Apex or subdomain?
If you wish to receive email via Mailgun and already have MX records for your domain, you must create a Mailgun-specific subdomain. This is the case if, for example, you own mydomain.com and have connected email@example.com to Gmail or another email provider.
In Digital Ocean, go to
Networking > Domains and add a domain. It does not matter which droplet you point it to. In our example, you might create mg.mydomain.com. All subsequent DNS records will be created for this domain.
@ as the name of the TXT record and the value provided by Mailgun as the record’s text. For example,
v=spf1 include:mailgun.org ~all.
Do not include the fully-qualified domain name in the name of the TXT record. If Mailgun gives you
mx._domainkey.mydomain.com, only put
mx._domainkey (no trailing dot).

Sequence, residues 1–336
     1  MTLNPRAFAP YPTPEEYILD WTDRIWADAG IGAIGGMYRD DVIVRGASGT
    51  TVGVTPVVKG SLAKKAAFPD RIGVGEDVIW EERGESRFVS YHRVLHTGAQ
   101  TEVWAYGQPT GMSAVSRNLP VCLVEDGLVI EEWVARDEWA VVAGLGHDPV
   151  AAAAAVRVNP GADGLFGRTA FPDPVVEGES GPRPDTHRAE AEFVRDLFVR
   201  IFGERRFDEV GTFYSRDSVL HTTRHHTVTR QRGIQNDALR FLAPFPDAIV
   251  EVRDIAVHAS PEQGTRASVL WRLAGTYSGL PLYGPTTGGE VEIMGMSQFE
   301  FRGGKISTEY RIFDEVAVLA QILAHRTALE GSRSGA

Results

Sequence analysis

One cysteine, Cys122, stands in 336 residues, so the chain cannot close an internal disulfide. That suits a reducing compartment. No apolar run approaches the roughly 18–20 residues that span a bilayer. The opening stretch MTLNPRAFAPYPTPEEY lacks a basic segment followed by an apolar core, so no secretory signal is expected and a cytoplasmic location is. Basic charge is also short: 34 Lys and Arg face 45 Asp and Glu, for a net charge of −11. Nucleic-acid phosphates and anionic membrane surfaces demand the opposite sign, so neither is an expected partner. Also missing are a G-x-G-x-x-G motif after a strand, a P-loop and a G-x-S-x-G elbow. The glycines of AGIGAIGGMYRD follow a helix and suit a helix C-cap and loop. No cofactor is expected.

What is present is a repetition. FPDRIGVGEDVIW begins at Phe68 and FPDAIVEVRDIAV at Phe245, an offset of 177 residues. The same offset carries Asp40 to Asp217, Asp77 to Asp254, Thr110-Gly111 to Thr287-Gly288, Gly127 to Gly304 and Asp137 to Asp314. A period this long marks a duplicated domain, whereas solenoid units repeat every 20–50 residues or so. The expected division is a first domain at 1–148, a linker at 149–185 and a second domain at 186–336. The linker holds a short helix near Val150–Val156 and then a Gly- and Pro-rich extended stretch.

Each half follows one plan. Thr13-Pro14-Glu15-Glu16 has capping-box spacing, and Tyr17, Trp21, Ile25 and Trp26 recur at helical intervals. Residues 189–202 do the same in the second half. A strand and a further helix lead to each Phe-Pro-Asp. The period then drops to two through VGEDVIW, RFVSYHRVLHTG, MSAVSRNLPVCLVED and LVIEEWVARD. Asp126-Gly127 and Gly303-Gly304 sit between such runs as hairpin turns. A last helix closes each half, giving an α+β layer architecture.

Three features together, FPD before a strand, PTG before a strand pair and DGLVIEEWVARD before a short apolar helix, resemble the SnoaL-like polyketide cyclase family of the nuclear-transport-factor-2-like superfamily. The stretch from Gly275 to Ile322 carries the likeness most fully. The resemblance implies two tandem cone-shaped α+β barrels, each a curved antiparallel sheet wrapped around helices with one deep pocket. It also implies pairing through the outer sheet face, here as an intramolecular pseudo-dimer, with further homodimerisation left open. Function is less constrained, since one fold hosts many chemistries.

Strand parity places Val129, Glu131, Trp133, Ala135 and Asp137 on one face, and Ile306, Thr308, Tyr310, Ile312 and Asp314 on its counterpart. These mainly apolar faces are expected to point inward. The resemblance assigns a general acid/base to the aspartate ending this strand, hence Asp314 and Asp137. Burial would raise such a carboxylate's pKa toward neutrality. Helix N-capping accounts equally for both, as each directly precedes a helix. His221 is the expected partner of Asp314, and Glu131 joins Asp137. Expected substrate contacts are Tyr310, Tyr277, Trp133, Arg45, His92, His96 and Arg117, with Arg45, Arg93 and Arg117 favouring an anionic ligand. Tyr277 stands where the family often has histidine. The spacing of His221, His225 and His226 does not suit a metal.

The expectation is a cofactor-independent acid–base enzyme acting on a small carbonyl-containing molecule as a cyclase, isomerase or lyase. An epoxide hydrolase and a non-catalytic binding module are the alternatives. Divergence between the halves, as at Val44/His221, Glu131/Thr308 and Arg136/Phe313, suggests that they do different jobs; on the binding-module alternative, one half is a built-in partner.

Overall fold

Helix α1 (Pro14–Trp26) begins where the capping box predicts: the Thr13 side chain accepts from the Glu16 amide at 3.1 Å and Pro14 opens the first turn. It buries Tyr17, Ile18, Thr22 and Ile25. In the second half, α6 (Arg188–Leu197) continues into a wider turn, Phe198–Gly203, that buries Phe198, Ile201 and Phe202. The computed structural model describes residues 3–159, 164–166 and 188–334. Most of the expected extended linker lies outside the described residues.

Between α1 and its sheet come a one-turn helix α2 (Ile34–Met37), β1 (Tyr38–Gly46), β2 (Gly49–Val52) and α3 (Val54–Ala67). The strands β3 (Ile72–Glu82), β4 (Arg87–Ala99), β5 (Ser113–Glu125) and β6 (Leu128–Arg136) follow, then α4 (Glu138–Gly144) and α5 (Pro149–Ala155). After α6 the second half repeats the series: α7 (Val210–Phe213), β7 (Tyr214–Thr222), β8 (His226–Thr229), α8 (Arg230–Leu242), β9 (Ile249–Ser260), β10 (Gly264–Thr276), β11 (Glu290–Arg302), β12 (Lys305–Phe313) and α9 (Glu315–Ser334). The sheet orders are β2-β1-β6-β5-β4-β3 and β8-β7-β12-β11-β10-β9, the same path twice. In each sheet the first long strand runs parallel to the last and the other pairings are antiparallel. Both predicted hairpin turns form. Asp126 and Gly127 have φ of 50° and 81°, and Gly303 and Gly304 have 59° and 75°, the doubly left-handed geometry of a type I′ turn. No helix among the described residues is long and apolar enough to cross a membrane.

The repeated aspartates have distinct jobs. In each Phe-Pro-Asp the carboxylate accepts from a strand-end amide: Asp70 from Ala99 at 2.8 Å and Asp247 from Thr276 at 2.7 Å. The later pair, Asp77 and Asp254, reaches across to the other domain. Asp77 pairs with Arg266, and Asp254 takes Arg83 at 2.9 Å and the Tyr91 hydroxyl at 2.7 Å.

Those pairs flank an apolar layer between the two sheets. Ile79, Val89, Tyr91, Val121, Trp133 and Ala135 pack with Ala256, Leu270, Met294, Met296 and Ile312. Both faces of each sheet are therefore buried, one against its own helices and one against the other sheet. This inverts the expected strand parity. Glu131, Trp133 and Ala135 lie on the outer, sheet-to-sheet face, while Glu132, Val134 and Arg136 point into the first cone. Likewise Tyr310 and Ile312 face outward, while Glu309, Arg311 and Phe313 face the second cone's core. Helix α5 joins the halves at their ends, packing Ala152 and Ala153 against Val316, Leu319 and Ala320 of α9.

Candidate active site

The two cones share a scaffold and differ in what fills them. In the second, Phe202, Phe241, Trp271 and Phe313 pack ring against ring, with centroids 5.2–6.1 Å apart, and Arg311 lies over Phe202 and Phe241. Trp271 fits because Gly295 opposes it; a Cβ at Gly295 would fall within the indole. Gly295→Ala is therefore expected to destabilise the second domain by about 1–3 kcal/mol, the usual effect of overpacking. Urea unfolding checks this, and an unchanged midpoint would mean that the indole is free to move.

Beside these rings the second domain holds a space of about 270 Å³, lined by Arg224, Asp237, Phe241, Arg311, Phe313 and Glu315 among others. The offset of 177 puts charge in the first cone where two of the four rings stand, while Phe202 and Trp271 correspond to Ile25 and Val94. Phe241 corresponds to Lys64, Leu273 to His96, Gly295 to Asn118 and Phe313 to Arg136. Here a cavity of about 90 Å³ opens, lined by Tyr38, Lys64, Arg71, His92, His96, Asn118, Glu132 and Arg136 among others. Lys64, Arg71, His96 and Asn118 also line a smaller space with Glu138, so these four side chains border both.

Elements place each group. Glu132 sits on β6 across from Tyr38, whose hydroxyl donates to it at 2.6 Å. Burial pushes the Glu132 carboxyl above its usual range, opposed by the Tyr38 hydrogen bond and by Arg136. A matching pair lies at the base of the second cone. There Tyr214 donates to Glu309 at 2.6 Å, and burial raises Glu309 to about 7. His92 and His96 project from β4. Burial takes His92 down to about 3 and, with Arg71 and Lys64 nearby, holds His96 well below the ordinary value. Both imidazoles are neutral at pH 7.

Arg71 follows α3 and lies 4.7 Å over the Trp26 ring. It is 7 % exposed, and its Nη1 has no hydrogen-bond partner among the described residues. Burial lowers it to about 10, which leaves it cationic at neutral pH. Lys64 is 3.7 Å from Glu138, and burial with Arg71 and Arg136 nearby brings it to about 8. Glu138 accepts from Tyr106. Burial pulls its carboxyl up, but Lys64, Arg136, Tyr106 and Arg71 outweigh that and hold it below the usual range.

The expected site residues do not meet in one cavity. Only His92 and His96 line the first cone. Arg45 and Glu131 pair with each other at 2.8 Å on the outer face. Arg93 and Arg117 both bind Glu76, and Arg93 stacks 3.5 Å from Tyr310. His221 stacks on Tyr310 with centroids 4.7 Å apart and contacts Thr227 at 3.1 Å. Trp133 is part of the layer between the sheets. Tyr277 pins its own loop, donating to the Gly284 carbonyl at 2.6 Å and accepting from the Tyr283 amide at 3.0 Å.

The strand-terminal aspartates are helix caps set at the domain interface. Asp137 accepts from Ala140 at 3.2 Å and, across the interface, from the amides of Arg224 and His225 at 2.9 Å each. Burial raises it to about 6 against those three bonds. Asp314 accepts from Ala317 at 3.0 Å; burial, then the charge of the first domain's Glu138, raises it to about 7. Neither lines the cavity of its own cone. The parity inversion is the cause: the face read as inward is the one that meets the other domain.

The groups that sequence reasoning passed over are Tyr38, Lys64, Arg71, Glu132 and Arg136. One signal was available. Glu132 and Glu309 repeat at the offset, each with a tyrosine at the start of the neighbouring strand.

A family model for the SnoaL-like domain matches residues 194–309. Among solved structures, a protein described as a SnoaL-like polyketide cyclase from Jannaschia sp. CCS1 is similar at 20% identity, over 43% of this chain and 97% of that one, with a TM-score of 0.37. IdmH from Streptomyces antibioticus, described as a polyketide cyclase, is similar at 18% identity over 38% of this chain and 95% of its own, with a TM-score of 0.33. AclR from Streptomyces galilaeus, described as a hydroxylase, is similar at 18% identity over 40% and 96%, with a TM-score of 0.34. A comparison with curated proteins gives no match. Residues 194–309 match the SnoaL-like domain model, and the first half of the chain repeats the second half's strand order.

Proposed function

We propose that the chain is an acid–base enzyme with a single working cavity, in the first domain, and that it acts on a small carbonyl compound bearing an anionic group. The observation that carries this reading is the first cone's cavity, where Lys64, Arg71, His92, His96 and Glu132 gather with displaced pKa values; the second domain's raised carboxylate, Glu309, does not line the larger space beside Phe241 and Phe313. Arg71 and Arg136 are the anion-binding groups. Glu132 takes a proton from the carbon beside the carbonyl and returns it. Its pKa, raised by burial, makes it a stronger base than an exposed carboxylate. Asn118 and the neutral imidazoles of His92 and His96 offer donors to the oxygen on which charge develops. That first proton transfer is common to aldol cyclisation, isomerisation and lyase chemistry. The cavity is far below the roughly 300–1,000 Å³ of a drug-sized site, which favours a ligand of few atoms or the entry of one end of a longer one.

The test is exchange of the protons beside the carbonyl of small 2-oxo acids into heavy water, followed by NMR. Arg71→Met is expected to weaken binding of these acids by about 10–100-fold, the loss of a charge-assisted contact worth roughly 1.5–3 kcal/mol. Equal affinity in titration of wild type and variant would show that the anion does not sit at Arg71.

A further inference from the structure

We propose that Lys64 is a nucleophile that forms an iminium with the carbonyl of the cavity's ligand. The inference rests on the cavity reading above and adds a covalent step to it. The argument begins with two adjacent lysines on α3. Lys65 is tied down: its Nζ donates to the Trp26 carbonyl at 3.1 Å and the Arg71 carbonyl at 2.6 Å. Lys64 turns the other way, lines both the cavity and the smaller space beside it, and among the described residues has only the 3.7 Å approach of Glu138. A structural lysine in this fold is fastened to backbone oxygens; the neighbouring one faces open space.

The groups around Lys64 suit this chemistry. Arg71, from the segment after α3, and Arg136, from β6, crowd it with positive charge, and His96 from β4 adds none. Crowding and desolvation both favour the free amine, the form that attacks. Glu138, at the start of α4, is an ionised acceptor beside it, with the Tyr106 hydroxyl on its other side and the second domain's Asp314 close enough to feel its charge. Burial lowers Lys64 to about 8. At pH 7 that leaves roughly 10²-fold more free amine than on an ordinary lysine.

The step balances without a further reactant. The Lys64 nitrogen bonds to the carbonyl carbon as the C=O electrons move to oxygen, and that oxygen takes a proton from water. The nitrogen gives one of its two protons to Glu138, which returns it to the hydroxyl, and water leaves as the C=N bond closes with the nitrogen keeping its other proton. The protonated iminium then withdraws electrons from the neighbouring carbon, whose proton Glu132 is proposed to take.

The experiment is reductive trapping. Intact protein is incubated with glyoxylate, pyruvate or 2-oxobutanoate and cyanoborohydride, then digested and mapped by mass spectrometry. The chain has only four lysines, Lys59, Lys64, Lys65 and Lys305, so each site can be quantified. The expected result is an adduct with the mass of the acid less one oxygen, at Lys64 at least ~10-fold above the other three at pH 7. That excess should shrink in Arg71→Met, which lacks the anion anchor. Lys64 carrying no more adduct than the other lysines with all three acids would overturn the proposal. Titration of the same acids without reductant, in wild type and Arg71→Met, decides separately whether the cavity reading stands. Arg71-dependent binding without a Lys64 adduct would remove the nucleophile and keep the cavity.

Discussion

You must wrap the DKIM value in double quotes, for example:
Only enter the subdomain, not the fully-qualified name, as the name of the CNAME record. If Mailgun asks you to set up email.mydomain.com, then the CNAME record’s name is
The same holds if you are setting Mailgun up on a subdomain. To create email.mg.mydomain.com, create the record in the mg.mydomain.com domain, with
These are necessary only to receive emails via Mailgun. No pitfalls here, if there are no other MX records, as explained above. You can enter the hostname and priority as given by Mailgun.
If Mailgun reports any errors, the zone file at the bottom of Digital Ocean’s DNS settings page is the best way to debug the issue. It allows you to see exactly what values have been configured.
Krister Viirsaar’s Mailgun + DigitalOcean article and comment thread helped me sort through these issues.